In the early 1990’s poker went online. At this time, Hold’em was the dominant game spread in casinos nationwide. It quickly became the top game on the internet as well, in both the cash games and tournaments. Since then, there has been substantial progress made in the area of game theory as it relates to Hold’em. Numerous insightful books have been written. Key concepts, such as implied odds, the float, and fold equity are now household terms. It is still an action game, but less so than it used to be, and the action has gotten tougher. There are a plethora of very skilled players who play both in Brick and Mortar establishments as well as online. It is still relatively easy to beat the low limit games, especially online where the rake is much lower, but the middle and high limits can be filled with tough players. Many players who had a great deal of success playing Hold’em in the early days have seen their profits diminish. There are still plenty of donkeys playing Hold’em, and a decent player can still make good money playing against them. But the bottom line is that the longer a game is popular, the more good players will emerge, which only makes the game tougher.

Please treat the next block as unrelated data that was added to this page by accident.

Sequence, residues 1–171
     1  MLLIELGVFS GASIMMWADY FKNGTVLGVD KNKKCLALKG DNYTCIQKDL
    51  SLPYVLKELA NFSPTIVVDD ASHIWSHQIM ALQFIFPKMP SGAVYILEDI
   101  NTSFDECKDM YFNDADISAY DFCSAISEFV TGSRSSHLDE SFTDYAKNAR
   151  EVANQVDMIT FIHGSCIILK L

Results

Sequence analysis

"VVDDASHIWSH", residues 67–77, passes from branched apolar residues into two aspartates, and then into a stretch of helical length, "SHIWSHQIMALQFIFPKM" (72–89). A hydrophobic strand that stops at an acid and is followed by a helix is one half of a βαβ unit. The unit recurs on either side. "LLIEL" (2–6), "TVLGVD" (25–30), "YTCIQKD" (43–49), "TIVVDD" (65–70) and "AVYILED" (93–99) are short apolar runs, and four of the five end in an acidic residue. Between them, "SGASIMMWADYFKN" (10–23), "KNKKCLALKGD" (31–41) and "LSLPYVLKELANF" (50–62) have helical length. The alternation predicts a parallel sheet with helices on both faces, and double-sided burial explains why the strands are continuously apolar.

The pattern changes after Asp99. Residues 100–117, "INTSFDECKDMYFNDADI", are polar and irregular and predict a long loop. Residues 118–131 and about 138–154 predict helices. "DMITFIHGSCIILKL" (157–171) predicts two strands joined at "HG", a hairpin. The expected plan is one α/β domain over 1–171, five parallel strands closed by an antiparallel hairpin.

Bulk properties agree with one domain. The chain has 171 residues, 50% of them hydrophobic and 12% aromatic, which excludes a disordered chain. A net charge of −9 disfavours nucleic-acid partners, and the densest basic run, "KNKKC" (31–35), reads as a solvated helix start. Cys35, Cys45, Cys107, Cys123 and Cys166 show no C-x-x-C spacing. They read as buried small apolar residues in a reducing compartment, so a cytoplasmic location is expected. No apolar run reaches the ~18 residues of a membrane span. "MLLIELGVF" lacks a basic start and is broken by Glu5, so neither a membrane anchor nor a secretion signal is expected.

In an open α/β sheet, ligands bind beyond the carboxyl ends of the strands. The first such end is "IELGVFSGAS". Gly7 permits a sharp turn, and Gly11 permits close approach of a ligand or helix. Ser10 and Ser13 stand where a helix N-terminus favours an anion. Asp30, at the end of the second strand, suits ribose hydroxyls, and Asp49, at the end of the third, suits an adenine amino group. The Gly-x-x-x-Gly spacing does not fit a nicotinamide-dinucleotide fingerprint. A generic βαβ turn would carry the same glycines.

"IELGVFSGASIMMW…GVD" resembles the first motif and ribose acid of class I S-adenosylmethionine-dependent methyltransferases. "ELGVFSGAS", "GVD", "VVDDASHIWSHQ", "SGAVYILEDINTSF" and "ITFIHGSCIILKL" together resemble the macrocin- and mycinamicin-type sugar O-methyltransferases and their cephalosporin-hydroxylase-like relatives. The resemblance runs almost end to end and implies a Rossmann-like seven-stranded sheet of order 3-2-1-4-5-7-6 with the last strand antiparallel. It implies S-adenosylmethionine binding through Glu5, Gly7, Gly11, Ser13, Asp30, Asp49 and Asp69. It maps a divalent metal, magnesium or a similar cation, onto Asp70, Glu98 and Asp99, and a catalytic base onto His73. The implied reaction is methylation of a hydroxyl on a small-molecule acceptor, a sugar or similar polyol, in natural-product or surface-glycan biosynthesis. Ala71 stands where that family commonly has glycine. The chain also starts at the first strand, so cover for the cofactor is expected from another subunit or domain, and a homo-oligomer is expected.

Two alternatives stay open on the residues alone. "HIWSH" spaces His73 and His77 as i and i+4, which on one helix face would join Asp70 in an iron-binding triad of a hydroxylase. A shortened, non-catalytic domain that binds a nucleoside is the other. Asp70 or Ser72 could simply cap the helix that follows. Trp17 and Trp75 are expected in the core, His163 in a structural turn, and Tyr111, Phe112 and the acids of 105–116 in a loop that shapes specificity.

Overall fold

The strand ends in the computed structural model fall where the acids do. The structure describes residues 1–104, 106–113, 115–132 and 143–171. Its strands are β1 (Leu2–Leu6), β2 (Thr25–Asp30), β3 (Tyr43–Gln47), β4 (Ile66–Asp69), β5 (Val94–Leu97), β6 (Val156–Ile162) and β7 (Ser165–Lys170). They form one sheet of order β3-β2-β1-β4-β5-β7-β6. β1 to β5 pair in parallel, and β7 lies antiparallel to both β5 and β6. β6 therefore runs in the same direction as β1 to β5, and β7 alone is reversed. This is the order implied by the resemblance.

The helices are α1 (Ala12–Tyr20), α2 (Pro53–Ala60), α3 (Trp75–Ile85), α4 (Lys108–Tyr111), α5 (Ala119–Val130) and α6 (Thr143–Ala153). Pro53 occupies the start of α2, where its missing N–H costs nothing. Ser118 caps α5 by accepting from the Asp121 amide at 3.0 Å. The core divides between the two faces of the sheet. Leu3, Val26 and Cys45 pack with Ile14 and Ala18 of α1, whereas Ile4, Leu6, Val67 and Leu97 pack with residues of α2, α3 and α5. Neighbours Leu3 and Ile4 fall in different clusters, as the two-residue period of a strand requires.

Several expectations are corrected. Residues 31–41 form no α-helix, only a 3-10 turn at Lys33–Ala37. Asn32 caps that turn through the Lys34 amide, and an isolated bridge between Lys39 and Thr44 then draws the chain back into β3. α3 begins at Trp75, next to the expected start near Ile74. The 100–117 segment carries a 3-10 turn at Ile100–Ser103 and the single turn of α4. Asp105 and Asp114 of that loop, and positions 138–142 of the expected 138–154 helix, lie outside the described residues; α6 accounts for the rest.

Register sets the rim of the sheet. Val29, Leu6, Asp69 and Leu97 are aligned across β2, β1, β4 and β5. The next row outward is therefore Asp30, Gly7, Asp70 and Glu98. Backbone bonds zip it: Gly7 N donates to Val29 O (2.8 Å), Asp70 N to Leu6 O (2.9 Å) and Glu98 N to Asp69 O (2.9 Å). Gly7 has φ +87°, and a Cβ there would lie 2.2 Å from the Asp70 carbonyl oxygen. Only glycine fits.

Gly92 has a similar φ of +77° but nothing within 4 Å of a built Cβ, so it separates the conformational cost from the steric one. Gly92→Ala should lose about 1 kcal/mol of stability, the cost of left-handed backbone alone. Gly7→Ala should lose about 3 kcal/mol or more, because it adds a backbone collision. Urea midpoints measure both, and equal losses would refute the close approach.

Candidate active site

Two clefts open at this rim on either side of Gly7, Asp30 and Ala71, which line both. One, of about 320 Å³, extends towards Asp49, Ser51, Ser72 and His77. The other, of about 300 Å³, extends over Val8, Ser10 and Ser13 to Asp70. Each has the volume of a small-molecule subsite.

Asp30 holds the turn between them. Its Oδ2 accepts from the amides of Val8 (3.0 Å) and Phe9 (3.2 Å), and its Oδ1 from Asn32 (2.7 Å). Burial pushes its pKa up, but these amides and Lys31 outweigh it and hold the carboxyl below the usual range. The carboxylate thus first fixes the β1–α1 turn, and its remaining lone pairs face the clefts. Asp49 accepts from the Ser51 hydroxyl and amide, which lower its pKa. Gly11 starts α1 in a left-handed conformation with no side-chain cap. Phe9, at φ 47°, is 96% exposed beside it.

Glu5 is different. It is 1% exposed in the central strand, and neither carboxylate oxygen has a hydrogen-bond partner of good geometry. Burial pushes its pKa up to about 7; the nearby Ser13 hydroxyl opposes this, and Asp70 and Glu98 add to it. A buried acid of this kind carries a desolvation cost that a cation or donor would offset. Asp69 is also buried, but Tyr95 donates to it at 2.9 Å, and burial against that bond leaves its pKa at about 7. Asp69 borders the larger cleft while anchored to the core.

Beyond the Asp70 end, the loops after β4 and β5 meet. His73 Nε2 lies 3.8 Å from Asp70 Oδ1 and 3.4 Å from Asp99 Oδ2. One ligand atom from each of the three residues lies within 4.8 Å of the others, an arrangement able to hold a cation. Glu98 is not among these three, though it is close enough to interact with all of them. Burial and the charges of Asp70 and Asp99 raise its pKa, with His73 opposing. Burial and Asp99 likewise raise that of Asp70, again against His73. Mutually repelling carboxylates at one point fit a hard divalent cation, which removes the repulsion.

Luckily there is a game out there which is similar to Hold’em, but is superior in many ways. The game is Pot Limit Omaha (commonly called PLO). The action in PLO can only be described as extreme. In Pot Limit Omaha, players are dealt four hole cards instead of the two dealt in Hold’em, but unlike Hold’em, players are required to use exactly two hole cards and three community cards when forming their hands. In Pot Limit Omaha, everything is bigger than in Hold’em. Because each player has four hole cards, completed hands tend to run stronger. More importantly, the drawing hands in PLO are often huge, and unlike Hold’em, it is not unusual for a draw to be favored over a made hand on the flop. Consider that in a Hold’em game, a straight draw can have a maximum of eight outs, whereas in an Omaha game, a straight draw can have up to twenty outs. One reason the action is so big in PLO is because there are often several strong draws out there, and players know that a strong draw is often favored over a made hand on the flop.